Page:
Constructed verbatim from interviews with residents of Charlottesville, VA.
Written and Performed by Priyanka Shetty
Directed by Joe Bishara
#CHARLOTTESVILLE is a solo play about the Unite the Right white supremacist rally and the events that took place between Aug. 11-12, 2017, in Charlottesville, Virginia. It is constructed verbatim from interviews with local residents who were impacted by the events and its aftermath. The play explores the deep-seated racial inequities that have existed historically in Charlottesville, Virginia - home to three of the founding fathers who played a major role in the development of the American Democracy - and how it escalated to one of the most terrible manifestations of racial violence during the "Summer of Hate."
The Abbey Theater of Dublin will offer a limited number of tickets for an in-person experience on Feb. 19 and Feb. 20 at 7 p.m., which will simultaneously be live streamed for those who choose to watch the performance from home. Encore on-demand streams will be available Feb. 21 through Feb. 28. Tickets are $10 per household and are available for purchase at DublinOhioUSA.gov/abbey-theater.
Lighting Designer: Brendan Michna
Composer: Heather Mease
Sound Engineer: Wade Blair II
Videographer: David Crone
Production Manager: Jim Ziolkowski
Dialect Coach: Monica Blaze Leavitt
Dramaturg: Anna Sorrentino
Publicity: Shirley Blaine
Production Assistant: Emma Winder
Production Intern: Mary Jackson
I originally wrote #CHARLOTTESVILLE as an ensemble play that was performed by a cross-generational, multi-ethnic group of performers. I wasn't entirely convinced about rewriting this as a one-woman show. However, considering that the two other plays in the triptych (The Elephant in the Room and The Wall) are solo shows, I wanted to explore the possibility of allowing this piece to exist in a solo form. I am hopeful that this new version will have the ability to reach more people quickly because it is a timely play with a very important message, and there's an urgency associated with sharing it, given our current political climate. While the characters in this play are fictional, they represent the voices of the people of Charlottesville who came forward to share their experiences with me. This play is a heartfelt attempt to respect and honor those voices to the best of my ability.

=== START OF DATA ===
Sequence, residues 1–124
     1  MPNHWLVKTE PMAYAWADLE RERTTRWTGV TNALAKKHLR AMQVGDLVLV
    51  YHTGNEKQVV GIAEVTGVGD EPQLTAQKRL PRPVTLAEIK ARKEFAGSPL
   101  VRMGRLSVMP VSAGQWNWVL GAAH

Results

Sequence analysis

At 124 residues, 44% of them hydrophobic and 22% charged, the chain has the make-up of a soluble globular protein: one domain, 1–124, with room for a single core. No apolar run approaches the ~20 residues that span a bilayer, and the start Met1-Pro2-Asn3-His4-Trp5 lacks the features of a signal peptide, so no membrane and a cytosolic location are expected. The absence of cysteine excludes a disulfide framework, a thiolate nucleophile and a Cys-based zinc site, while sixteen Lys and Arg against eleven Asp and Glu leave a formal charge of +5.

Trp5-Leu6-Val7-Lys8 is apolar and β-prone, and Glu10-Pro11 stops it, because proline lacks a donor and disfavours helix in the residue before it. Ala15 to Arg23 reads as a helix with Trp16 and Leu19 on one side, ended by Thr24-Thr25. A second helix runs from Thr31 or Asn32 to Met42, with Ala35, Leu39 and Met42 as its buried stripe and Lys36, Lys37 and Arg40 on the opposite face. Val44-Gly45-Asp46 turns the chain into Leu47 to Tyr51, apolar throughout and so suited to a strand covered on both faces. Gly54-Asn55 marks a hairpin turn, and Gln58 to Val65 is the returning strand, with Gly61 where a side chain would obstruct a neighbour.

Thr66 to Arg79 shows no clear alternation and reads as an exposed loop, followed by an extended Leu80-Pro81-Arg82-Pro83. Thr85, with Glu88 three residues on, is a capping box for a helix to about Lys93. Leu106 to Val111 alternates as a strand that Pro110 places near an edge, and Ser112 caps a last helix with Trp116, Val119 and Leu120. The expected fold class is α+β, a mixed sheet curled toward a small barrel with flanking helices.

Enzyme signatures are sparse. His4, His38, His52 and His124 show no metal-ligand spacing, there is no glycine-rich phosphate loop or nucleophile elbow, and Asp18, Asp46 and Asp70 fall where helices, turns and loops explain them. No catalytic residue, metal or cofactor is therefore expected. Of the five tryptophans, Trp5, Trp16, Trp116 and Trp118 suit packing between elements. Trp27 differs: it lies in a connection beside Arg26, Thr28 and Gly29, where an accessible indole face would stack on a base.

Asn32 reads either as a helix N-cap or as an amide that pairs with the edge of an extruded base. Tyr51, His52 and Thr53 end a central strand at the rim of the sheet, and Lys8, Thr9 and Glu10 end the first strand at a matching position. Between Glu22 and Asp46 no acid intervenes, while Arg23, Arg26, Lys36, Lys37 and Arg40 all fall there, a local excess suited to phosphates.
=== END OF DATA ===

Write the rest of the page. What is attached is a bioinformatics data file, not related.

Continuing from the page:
The most asked question I have faced regarding this production is...why? Are you trying to make a political statement? Is this some sort of response to what happened in Washington D.C.? Do you have some sort of agenda? The answer to each one of these questions—no. We wanted to tell a story—a story that should never need to be told—the story that in America today, people are being targeted simply for who they are—whether it’s their gender, their religion, their lifestyle, the color of their skin or their occupation. Violence seems to have replaced baseball as America’s national pastime. How do we stop the bleeding? Can we, as a society, celebrate our differences rather than use them as a vehicle for judgment and hatred? It is my hope that our production arrives at a moment when we are prepared to listen and energized to respond. The choice is ours.
The events of August 11-12, 2017 in Charlottesville, Virginia changed the way that many Americans view the alt-right movement in the US. The Alt-Right, which to that point had largely been an online movement, had seemingly suddenly manifested as a sea of individuals willing to congregate in public and share their beliefs offline. The movement had been brewing for nearly a decade prior to the #UniteTheRight rally in Charlottesville; the term “Alternative Right” itself was coined in 2010 by white supremacist Richard Spencer, who directly instigated the events in Charlottesville.
In May 2017, Spencer hosted the protest now colloquially known as the “tiki torch rally” to fight the removal of a Robert E. Lee monument from Charlottesville’s Market Street Park (formerly known as Lee Park). This divisive event, which escalated into protestors shouting anti-Semitic slogans and white supremacist chants, would only be a prelude to the events that took place mere blocks away in August.
The major white supremacist acts of violence of the 2010s are all connected by a thread that leads to and from Charlottesville. The 2015 massacre at a Charleston church, the 2018 shooting at Tree of Life Synagogue, the 2021 insurrection of the Capitol, and so many other violent events, continue to remind us that this movement is large, violent, and ever-growing.
The events in Charlottesville continue to shift how Americans, and more specifically, the residents of Charlottesville, see themselves and their communities. This play tackles the unsettling world we now find ourselves in and asks us to consider how we can intentionally re-build our sense of community in the wake of senseless, violent, misguided tragedy.